September 30, 2004
The British House of Commons education committee recently recommended greater flexibility in teacher pay as a way to combat specific teacher shortages. In particular, they recommend that "super teachers" be given bonuses for working in tough schools, and that schools that face persistent recruiting problems should be able to pay more to entice new teachers. Of course, teachers unions on all sides of every ocean are opposed to anything that smacks of merit pay, especially if it links teacher pay to student outcomes. BBC education correspondent Mike Baker argues that this opposition stems from historical precedent. More than a century ago, it seems, some British teachers' pay was linked to their pupils' achievement, which led to abuses and cheating. Perhaps that's the reason, and maybe it's pure self-interest in contemporary context, but British leaders are looking to the more recent example of Sweden, which suggests that merit pay can be made to work. The Swedish model, said to be supported by teachers and their unions, is a more flexible system that allows individual teachers to negotiate their salary directly with the principal, who can consider student performance as a factor in deciding how much to offer. Strange, that capitalist America pays each teacher according to his needs, not his ability, while socialistic Sweden has chosen the invisible hand of supply and demand.
"More money for 'super teachers'?" by Mike Baker, BBC News, September 24, 2004
Chester E. Finn, Jr. / September 30, 2004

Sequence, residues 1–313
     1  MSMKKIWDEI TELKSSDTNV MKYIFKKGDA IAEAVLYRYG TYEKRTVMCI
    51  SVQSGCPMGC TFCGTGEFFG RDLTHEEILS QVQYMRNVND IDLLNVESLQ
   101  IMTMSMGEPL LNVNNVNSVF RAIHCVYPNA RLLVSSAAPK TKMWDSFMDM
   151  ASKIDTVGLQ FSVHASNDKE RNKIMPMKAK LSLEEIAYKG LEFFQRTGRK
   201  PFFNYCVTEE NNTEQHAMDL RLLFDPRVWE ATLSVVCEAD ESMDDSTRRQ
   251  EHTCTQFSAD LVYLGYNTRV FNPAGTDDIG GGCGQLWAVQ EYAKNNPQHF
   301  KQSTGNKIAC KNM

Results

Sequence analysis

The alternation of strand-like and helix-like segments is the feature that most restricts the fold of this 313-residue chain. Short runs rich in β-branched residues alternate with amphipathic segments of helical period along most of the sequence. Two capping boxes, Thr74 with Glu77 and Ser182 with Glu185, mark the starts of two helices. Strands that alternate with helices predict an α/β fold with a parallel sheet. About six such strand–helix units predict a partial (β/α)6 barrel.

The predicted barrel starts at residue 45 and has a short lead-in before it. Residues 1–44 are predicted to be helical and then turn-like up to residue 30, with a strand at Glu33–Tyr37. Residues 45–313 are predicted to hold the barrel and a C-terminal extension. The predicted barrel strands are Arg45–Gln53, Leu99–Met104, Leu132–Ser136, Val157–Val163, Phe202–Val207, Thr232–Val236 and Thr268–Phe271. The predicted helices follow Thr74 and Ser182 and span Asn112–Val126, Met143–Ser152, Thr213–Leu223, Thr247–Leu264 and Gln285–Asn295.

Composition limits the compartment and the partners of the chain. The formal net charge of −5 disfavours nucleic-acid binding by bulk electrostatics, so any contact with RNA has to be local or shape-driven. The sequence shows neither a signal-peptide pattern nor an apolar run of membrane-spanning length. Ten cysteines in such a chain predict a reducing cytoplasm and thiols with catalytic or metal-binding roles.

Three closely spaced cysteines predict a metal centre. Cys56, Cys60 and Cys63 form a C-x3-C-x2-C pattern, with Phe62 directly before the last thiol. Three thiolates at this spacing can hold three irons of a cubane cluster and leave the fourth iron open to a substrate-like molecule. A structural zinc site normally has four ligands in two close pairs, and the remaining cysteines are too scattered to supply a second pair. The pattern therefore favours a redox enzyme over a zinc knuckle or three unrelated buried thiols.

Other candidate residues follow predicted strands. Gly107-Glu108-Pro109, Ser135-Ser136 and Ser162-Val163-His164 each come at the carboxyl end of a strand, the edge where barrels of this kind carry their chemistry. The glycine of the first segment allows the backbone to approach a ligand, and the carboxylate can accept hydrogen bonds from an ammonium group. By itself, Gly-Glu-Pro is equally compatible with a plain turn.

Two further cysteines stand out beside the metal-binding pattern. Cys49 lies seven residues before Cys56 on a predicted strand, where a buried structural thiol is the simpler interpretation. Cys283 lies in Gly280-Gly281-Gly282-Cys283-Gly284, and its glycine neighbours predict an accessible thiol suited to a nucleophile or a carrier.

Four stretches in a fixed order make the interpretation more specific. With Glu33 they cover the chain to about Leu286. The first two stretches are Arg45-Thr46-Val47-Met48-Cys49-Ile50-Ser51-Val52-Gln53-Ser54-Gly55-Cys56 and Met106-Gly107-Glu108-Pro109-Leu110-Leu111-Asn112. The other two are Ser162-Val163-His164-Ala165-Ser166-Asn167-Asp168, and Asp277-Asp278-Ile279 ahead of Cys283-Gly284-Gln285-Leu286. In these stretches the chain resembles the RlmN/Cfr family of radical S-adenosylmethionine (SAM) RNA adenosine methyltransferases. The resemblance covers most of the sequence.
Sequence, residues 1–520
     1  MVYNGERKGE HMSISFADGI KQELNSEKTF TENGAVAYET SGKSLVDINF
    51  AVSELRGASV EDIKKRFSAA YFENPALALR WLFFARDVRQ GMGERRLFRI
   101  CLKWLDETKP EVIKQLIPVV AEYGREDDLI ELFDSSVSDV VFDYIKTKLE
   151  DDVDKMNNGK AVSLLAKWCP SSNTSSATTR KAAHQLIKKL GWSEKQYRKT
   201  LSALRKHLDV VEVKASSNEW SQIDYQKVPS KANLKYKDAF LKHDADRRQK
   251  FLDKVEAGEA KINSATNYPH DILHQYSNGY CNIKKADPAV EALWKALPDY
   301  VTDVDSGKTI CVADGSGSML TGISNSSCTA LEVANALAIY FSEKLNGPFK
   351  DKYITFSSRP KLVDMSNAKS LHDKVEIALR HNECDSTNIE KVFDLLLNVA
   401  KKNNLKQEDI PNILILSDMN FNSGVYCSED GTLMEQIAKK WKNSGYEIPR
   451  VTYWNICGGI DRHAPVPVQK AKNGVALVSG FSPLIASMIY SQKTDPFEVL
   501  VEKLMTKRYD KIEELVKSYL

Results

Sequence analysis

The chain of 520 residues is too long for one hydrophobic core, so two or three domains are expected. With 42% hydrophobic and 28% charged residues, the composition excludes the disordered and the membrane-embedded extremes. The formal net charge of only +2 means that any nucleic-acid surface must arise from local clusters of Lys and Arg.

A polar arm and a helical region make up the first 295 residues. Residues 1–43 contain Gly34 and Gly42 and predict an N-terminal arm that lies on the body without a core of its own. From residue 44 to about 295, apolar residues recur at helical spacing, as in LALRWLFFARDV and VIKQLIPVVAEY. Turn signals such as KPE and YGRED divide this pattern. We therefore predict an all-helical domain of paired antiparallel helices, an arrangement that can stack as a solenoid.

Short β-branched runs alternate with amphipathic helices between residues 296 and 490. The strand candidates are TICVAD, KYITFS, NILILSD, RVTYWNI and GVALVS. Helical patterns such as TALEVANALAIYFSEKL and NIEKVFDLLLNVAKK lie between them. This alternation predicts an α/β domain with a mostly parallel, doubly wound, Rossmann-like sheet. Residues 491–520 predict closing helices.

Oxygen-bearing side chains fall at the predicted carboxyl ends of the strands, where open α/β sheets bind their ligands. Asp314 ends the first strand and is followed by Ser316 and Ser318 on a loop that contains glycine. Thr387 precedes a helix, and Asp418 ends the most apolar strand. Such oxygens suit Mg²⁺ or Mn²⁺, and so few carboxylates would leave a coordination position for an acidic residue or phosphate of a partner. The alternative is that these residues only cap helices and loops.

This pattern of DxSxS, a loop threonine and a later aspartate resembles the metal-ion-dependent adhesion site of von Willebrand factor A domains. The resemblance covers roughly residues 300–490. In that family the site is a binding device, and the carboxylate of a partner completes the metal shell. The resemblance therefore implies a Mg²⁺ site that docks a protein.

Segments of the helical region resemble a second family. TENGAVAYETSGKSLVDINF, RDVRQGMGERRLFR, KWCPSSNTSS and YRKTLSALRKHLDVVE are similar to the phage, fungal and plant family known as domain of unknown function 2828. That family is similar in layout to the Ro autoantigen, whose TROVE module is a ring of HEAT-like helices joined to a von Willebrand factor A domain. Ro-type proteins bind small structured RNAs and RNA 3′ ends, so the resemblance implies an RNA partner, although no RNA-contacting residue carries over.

Bryan C. Hassel, Progressive Policy InstituteSeptember 21, 2004
Bryan C. Hassel authored and the Progressive Policy Institute published this terrific account of the first three years of charter schooling in Indianapolis under the extraordinary leadership of Mayor Bart Peterson. What's most remarkable about this tale is its coherent, strategic purposefulness. In effect, the Mayor's Office is creating a whole new "sector" of public education in Indianapolis, and it's off to a strong start. With ten schools operating and several more soon to open, this sector is on course to enroll about 4,500 youngsters within a few years. (That's about ten percent of total district enrollment.) The "new approach" alluded to in the subtitle of this 37-pager is the mayor's role as charter authorizer. But in fact the report contains lessons, insights, and sage advice for other authorizers and communities, and is a welcome addition to the burgeoning literature on charter schooling. You can find it online here.